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September 13, 2019

Yale video game will aim to prevent HIV, other STDs

PHOTO | Courtesy Yale School of Medicine "One Night Stan" is a card game aimed at teaching safe sex and preventing sexually transmitted diseases. A new grant enables developers to transform it into a video game for young people.

All young people need to learn about safe sex and disease prevention, but many learn in the classroom via a lecture.

Since most youths love games, particularly video games, researchers at the Yale University School of Medicine have been developing a fun way to get the safe-sex message across. 

The government is lending its support, too. This month, Yale announced that the National Institute of Child Health and Human Development had awarded $460,000 to Yale research scientist Kimberly Hieftje toward the project. The money will support her research on “A Digital Intervention for HIV Prevention in Black Adolescent Girls.”

Hieftje is deputy director of the play2PREVENT Lab at the Yale Center for Health & Learning Games. The center creates and evaluates video games that aim to prevent disease and promote healthy lives for young people.

According to Hieftje, researchers previously developed a multi-player social card game called “One Night Stan.” This project was funded by the Women’s Health Research at Yale Pilot Program. The goal of the card game is to increase risk perception and empower women to make positive decisions, such as insisting on condom use and partner testing.

Players of the game collect “Empowerment Points” by being protected (condom cards), getting potential partners tested (test cards), by recognizing risky behaviors (fact cards) and refusing risky encounters (response cards). Players win by earning the most empowerment points.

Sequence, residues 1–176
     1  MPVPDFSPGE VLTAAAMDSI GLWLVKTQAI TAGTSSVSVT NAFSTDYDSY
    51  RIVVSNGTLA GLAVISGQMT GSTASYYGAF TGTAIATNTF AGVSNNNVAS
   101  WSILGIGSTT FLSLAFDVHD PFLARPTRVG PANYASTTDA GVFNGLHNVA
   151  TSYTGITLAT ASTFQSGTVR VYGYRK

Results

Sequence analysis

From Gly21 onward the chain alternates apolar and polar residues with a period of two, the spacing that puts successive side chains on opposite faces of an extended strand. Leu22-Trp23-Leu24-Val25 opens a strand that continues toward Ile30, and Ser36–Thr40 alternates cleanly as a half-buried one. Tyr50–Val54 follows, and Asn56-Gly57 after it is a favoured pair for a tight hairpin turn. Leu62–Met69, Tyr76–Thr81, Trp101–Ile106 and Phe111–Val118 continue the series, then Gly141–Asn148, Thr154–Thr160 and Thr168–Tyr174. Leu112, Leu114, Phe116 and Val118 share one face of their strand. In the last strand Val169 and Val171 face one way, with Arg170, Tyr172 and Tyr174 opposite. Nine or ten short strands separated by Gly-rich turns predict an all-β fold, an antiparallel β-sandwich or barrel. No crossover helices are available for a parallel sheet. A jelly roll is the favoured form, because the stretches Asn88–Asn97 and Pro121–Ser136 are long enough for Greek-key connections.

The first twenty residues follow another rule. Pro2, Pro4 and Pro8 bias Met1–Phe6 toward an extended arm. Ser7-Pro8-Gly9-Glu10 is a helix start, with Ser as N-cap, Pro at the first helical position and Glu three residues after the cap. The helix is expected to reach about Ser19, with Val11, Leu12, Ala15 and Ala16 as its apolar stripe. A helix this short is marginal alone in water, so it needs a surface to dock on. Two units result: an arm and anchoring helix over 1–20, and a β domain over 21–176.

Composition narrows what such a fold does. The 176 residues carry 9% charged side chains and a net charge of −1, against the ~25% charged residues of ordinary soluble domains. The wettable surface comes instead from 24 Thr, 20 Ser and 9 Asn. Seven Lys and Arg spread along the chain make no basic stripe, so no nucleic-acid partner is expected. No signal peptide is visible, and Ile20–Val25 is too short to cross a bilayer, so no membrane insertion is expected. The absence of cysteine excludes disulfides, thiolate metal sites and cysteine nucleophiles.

With this additional $460,000, Hieftje and her colleagues plan to develop the card game into a video game, and then do a trial with 80 young black adolescent females. The grant is for two-years, and includes studying the efficacy of the game in education and prevention. 

“We are really excited about getting this funding,” Hieftje said. “We proposed to develop out the card game into a video game.”

According to Hieftje, a video game is much more easily disseminated than a card game — it could be made available over the Internet, for example. She foresees it potentially being used as a learning tool in high school health programs or at Planned Parenthood clinics.

“We see it as a good conversation-starter about staying healthy,” Hieftje said.

She expects to have a video game prototype within six to eight months, followed by the study and evaluation.

According to the U.S. Centers for Disease Control & Prevention, individuals aged 15 to 24 account for 50 percent of the 20 million new sexually transmitted infections in the U.S. each year.

For more information, visit or the lab’s web site

Contact Michelle Tuccitto Sullo at

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